Tasting Memories, Cooking Heritage: A Sensuous Invitation to Remember

25 July, 2017

Photo credit: “Cooking Satay” and “Food Galore” by Clare Yong

How does Singapore’s unique food heritage intertwine with our memories of times past?

The Singapore Food Festival, held annually from June to July for more than 20 years, features activities such as heritage trails, culinary workshops, and competitions to celebrate Singapore’s international reputation as a food nation.
A/P Kelvin Low (Dept of Sociology) in his chapter, ‘Tasting Memories, Cooking Heritage: A Sensuous Invitation to Remember’ in the book, Food, Foodways and Foodscapes: Culture, Community and Consumption in Post-Colonial Singapore (2015), explores how food experiences, expressed through recollections of the past through texts such as cookbooks, food memoirs, and biographies, contribute not only to identities of self and family, but also to Singapore’s identity as a food nation. For instance, the diverse culinary cultures of various ethnic and dialect groups in Singapore serve the function of delineating different identities. Culinary memories also intersect with family life, where childhood memories of food can stir emotions of security, happiness, and strong familial connections among individuals. Additionally, both pleasant and unsettling memories of culinary episodes connect with Singapore’s changing culinary landscape during wartime and post-war situations. Recollections of distasteful and unappealing tastes and smells, resulting from encounters with unsanitary food stalls and low-grade rice grains, intertwine intimately with experiences of economic and political hardship during Singapore’s experience of World War II.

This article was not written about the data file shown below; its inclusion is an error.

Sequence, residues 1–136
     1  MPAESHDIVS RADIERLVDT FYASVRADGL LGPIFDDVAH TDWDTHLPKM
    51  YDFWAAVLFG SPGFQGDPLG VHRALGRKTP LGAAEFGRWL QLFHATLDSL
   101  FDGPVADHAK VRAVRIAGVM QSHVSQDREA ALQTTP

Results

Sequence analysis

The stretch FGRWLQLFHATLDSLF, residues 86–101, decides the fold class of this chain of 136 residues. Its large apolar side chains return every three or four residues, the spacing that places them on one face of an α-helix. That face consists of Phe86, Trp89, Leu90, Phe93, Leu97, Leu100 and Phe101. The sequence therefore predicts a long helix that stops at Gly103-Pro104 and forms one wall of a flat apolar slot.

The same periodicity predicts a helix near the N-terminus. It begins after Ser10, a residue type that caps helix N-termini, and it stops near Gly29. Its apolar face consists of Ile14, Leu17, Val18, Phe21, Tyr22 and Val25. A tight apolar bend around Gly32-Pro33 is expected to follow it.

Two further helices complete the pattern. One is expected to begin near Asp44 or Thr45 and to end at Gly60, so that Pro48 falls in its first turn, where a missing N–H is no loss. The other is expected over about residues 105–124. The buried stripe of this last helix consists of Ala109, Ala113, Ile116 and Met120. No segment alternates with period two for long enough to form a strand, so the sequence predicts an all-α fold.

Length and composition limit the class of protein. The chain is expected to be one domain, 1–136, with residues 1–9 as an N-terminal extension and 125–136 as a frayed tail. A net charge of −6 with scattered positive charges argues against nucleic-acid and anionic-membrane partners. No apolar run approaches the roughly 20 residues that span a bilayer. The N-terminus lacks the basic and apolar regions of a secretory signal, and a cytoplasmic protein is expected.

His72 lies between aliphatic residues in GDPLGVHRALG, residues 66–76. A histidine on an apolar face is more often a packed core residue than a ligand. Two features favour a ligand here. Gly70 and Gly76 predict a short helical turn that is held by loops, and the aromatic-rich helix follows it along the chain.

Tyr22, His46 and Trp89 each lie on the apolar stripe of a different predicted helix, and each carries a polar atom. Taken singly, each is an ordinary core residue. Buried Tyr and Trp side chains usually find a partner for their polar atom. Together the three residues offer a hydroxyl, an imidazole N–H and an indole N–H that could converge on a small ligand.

Low shows us the value of culinary texts in providing insights into the heritage and memories of a nation. In doing so, he highlights how understandings of Singapore’s unique food heritage go beyond its relevance in the present, to also connect with historical events and imaginings of the future.

Find more about the book here.